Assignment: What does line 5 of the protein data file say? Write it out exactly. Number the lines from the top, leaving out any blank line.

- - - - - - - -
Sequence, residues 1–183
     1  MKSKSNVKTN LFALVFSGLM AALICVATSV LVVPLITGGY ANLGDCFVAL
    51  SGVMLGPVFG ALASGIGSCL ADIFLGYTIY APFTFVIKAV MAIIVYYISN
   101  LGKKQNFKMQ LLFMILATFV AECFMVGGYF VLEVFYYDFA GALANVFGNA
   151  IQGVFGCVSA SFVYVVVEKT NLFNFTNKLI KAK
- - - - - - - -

   151  IQGVFGCVSA SFVYVVVEKT NLFNFTNKLI KAK